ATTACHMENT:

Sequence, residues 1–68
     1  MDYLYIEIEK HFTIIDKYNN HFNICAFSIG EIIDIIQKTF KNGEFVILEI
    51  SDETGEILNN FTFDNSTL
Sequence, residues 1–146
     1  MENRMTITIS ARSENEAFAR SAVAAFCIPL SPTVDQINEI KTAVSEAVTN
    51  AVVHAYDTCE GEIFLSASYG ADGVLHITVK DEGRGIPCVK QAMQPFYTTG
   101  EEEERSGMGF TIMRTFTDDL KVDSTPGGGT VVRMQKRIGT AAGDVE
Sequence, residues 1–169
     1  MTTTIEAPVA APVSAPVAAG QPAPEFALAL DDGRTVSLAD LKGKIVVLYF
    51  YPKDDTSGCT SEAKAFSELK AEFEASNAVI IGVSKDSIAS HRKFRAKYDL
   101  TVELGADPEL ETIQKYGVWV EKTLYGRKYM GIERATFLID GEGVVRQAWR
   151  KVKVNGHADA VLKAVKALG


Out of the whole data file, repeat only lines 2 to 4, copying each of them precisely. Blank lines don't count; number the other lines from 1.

     1  MDYLYIEIEK HFTIIDKYNN HFNICAFSIG EIIDIIQKTF KNGEFVILEI
    51  SDETGEILNN FTFDNSTL
Sequence, residues 1–146